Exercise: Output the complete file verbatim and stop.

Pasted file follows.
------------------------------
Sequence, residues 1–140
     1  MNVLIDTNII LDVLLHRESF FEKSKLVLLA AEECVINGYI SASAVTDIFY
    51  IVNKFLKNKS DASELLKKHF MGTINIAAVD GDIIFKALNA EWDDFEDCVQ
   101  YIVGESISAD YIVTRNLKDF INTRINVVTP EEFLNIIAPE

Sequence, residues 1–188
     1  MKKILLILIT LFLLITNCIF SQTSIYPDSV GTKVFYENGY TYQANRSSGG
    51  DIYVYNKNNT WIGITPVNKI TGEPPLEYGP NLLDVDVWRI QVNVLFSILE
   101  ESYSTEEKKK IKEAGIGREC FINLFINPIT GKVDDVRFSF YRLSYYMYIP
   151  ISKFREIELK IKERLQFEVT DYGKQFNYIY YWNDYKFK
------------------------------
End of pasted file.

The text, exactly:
Sequence, residues 1–140
     1  MNVLIDTNII LDVLLHRESF FEKSKLVLLA AEECVINGYI SASAVTDIFY
    51  IVNKFLKNKS DASELLKKHF MGTINIAAVD GDIIFKALNA EWDDFEDCVQ
   101  YIVGESISAD YIVTRNLKDF INTRINVVTP EEFLNIIAPE

Sequence, residues 1–188
     1  MKKILLILIT LFLLITNCIF SQTSIYPDSV GTKVFYENGY TYQANRSSGG
    51  DIYVYNKNNT WIGITPVNKI TGEPPLEYGP NLLDVDVWRI QVNVLFSILE
   101  ESYSTEEKKK IKEAGIGREC FINLFINPIT GKVDDVRFSF YRLSYYMYIP
   151  ISKFREIELK IKERLQFEVT DYGKQFNYIY YWNDYKFK